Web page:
Do you know where the GFCI reset buttons are located in your home? Apart from searching for defects and other areas of concern during a home inspection, one of my major goals during the walkthrough time with my clients is to familiarize them with the major systems in their prospective new home.
I spend a lot of time going over electrical issues with buyers. Apart from common defects like miswired outlets, exposed wiring and issues at the electrical panel, we talk a lot about GFCI receptacles. Most of you are familiar with them. GFCI outlets can be identified by the test and reset buttons located at the outlet and are designed to protect you in the case of a ground fault and prevent possible electrocution.
A GFCI constantly monitors the power that flows through a circuit. If it detects even a small difference in the current flowing in to the circuit from the current that is returning, it cuts the power to the outlet almost immediately. By doing so it can save your life.
GFCI outlets have been around since the 1970s and are typically found anywhere around the home that is a damp environment. Commonly they are located (or should be) at bathrooms, kitchen countertops, laundry areas, unfinished basements, crawl spaces, garages and at exterior outlets. If a GFCI cuts power to an outlet, a reset button is going to have to be pushed to restore power to it.
Now, about those reset buttons.:I’ve already mentioned that a GFCI outlet can easily by identified by the test and reset buttons that are present at the outlet. But not all GFCI protected outlets in a home will have these buttons. If placed at the beginning of a circuit, a GFCI outlet that is wired correctly will protect all downstream outlets in that circuit, even if they look like standard household outlets. A good example is a home with three bathrooms. Although all bathrooms have GFCI protection, there may be only one outlet that is an actual GFCI receptacle. The others are protected by correct wiring at the GFCI and being downstream of it in the circuit. Other examples are exterior outlets that may be protected by a GFCI at the garage or in the basement , kitchen outlets that are protected by a GFCI further down the countertop, or a GFCI breaker that is located at the electrical panel that is protecting all outlets in that circuit.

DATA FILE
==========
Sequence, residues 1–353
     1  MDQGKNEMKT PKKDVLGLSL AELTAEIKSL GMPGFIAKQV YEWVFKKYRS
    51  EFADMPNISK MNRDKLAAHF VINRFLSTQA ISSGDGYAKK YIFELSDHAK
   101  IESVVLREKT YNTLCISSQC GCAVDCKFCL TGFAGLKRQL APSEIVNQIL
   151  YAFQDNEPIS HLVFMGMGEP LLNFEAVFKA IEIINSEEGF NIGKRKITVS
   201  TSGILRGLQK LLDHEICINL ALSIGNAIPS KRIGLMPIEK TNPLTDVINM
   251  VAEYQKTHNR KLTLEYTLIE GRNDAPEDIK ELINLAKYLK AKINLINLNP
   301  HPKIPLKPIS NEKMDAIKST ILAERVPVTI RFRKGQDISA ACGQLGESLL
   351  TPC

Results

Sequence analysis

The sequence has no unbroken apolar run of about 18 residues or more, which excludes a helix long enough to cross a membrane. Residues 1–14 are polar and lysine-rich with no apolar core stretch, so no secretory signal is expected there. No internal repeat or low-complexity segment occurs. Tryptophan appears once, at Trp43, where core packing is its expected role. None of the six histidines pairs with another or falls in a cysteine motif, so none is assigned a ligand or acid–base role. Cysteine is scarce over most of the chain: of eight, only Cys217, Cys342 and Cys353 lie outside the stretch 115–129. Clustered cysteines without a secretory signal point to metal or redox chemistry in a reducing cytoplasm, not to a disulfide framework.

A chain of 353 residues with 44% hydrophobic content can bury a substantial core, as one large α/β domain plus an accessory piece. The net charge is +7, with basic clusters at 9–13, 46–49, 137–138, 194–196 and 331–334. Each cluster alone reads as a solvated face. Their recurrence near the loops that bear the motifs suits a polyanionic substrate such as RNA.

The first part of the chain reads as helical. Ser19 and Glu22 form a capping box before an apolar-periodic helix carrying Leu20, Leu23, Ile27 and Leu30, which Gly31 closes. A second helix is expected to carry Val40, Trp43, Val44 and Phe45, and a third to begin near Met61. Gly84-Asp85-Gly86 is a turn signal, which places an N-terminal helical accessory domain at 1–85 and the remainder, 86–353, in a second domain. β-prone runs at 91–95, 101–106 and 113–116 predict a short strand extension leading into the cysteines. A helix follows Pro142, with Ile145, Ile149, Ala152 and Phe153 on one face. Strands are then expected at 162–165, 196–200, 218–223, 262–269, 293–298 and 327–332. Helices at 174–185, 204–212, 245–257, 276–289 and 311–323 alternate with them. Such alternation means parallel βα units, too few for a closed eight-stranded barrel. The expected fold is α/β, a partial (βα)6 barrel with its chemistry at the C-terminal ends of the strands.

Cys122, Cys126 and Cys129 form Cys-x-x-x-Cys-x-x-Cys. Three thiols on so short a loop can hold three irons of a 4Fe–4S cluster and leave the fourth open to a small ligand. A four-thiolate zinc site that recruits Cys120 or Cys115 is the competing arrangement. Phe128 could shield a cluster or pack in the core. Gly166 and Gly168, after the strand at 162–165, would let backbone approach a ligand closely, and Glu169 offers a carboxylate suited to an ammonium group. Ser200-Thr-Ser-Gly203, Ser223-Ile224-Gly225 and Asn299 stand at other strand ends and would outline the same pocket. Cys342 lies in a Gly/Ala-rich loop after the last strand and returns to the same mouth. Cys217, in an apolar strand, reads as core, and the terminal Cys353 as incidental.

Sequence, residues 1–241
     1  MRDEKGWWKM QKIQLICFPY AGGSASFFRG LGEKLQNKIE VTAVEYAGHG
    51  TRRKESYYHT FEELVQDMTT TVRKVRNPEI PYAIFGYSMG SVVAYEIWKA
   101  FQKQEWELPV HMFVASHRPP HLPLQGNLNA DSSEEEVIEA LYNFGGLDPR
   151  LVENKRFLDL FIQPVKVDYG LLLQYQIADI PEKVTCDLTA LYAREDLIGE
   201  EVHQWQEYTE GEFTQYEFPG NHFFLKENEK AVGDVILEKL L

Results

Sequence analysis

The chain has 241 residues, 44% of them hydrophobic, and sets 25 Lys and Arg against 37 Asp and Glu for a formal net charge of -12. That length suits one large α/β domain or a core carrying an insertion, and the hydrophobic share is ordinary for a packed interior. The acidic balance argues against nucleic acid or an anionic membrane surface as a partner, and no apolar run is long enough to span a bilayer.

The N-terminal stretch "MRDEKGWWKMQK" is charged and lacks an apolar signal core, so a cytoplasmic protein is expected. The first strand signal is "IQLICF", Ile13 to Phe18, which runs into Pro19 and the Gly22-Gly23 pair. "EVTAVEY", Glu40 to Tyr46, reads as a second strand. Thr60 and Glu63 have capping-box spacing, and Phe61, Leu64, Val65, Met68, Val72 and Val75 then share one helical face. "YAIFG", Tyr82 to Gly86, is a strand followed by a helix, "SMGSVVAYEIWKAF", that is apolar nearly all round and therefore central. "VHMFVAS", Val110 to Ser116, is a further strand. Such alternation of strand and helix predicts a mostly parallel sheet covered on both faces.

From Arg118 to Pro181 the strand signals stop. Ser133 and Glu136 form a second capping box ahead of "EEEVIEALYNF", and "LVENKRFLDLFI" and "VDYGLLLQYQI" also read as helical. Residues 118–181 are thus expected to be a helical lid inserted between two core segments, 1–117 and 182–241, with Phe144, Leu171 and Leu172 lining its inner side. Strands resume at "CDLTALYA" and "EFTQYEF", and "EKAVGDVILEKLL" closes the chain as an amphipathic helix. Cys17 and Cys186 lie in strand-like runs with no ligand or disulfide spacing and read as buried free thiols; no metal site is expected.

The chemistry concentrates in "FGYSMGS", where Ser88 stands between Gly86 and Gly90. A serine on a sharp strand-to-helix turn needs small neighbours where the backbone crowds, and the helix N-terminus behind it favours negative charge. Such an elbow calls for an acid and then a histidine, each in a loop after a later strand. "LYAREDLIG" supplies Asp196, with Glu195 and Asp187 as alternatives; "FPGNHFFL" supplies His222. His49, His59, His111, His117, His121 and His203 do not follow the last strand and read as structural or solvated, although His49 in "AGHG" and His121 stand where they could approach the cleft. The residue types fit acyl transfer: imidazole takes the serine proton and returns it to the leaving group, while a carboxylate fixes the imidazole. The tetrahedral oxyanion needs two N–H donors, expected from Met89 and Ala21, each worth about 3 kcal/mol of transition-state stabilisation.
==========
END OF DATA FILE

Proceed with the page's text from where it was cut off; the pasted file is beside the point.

The point of all this is that you need to know where to go to reset your GFCIs once they trip. While I go over reset locations with my clients during the inspection or walkthrough, I’ve had a number of calls over the years , after my clients have moved in to their new home, that have gone something like this: Hey, Dan, I’ve got no power at my exterior outlets. What do I do? My response: You’ve likely got a tripped GFCI at another location that you need to find and reset. To this point, I’ve never had a case where this didn’t take care of it. In the end I’ll say this though, I’m glad they called me and not an electrician. If you call an electrician for this, chances are he’s going to come out to your home and push the reset button for you. That’s $1 for pushing the reset button and $149 for knowing where to push it. Save yourself some cash, a headache, and maybe even some potential embarrassment and learn where your GFCI reset buttons are.